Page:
The Kremlin critic Alexei Navalny was probably the victim of a poisoning, a German clinic has reported.
In a statement, Berlin’s Charité hospital said Navanly had fallen ill because of contamination from a cholinesterase inhibitor, adding that the specific substance was not known and analysis was ongoing.
According to the clinic, Navalny is in serious condition but “there is currently no acute danger to his life”.
“The outcome of the disease remains uncertain and long-term consequences, especially in the area of the nervous system, cannot be ruled out at this point in time,” the clinic said in a statement released online.
A Russian hospital had previously denied that Navalny had been poisoned. Supporters said doctors there were under government pressure to cover up any evidence of an attack against the opposition critic.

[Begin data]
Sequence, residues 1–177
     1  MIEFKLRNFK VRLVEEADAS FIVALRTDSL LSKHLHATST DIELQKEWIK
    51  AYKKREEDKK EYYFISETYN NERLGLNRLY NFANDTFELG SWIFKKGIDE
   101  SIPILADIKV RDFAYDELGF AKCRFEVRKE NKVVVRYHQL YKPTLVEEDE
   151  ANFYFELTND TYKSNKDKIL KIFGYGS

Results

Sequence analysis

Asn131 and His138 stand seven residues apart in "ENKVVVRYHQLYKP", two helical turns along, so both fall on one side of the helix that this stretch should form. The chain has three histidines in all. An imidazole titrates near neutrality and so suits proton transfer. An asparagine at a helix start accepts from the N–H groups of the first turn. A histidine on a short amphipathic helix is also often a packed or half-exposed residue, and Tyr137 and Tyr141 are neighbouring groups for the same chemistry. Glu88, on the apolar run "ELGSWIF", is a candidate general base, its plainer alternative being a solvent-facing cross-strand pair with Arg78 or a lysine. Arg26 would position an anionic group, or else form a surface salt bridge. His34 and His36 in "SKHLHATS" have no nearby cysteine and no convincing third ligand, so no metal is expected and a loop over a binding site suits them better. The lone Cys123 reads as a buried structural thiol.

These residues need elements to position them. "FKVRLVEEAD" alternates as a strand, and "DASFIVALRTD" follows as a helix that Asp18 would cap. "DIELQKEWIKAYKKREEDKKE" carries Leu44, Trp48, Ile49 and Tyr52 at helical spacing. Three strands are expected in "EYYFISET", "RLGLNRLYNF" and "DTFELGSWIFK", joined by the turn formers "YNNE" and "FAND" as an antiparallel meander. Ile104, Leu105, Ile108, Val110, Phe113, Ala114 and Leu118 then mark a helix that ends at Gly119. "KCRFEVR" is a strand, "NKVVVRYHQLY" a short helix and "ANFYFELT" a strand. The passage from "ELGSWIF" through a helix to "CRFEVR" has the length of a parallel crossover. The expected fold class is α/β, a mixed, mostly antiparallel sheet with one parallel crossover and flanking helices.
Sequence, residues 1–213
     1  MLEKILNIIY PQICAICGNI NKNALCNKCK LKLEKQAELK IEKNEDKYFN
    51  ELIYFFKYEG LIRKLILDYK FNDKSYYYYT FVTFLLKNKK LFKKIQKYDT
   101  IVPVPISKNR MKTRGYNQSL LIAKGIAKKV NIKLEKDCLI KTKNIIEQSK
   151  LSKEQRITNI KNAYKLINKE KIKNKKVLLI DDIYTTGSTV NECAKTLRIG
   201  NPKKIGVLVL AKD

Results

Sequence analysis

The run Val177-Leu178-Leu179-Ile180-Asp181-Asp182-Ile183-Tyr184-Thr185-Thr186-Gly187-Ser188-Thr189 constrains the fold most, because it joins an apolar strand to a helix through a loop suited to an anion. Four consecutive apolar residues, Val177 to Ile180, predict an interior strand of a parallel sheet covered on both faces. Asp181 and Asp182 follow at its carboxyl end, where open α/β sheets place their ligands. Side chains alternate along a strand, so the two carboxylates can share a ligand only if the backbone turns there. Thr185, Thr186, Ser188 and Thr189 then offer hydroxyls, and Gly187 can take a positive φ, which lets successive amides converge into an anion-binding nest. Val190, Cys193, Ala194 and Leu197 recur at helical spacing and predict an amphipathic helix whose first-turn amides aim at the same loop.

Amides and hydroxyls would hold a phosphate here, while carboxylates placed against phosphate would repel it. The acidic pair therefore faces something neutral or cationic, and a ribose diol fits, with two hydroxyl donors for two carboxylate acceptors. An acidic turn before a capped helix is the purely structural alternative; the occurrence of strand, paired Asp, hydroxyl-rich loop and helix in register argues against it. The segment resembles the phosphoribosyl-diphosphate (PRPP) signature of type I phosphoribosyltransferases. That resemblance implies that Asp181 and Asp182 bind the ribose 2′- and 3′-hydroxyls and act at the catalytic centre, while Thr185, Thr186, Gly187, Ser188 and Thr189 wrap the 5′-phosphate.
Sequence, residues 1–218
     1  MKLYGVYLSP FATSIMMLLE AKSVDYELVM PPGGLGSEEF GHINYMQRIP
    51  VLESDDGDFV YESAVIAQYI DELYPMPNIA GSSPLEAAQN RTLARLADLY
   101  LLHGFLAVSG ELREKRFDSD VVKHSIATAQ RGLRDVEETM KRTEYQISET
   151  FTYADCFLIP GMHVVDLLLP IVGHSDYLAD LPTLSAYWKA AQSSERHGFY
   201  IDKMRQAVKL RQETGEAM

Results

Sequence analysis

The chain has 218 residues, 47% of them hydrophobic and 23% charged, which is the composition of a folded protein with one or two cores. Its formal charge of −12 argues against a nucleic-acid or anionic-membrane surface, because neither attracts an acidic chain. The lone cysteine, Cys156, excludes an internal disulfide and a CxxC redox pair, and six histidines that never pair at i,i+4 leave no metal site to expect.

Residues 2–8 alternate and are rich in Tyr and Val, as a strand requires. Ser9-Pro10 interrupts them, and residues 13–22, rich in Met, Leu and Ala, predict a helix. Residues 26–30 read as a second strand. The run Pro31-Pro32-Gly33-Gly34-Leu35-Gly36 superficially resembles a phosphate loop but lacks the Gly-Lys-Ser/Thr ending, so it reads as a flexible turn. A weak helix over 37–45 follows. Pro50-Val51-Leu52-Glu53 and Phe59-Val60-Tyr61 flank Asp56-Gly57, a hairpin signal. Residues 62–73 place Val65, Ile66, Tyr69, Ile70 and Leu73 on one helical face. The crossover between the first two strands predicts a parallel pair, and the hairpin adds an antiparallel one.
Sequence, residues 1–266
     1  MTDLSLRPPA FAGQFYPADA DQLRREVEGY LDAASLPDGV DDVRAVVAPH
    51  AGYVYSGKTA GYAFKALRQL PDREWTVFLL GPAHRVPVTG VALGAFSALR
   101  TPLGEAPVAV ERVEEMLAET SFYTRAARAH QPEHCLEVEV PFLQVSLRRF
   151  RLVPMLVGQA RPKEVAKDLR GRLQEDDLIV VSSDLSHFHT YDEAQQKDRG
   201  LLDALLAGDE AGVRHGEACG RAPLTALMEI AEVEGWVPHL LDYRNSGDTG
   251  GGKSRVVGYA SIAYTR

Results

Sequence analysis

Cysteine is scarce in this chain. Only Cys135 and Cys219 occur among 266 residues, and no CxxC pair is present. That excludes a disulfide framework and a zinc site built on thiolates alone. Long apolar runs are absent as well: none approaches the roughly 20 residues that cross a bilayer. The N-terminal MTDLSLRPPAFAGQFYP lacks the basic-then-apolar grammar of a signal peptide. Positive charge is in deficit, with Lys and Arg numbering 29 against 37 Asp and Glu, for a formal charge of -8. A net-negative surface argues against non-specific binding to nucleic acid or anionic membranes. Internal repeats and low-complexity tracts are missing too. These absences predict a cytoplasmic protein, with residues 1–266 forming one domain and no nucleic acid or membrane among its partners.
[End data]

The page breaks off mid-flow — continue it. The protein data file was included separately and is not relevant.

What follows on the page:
“We’ve said that Alexei was poisoned from the very beginning despite the statements from the Omsk doctors and government propagandists,” said Kira Yarmysh, a spokeswoman for Navalny, in a tweet. “Now our words have been confirmed by analyses by an independent laboratory. Navalny’s poisoning is not a hypothesis, it is a fact.”
Navalny was evacuated to Germany on Saturday after a direct plea from Navalny’s wife to Vladimir Putin, the Russian president, to allow his transfer abroad, as well as public concerns expressed by the leaders of Germany, France and Finland. He had fallen ill during a flight in Russia last week.
The German government has said Navalny requires police protection because of a “certain likelihood” he was poisoned, a spokesman has said.
“Because one can assume with a certain likelihood that we are dealing with a poison attack, protection is essential,” Steffen Seibert, the spokesman for the German chancellor, Angela Merkel, told a press conference on Monday morning.
Security has been increased at the Charité hospital complex.
“The suspicion is not that Mr Navalny poisoned himself but that someone poisoned Mr Navalny, and there are unfortunately one or two examples of such poisonings in recent Russian history,” Seibert said.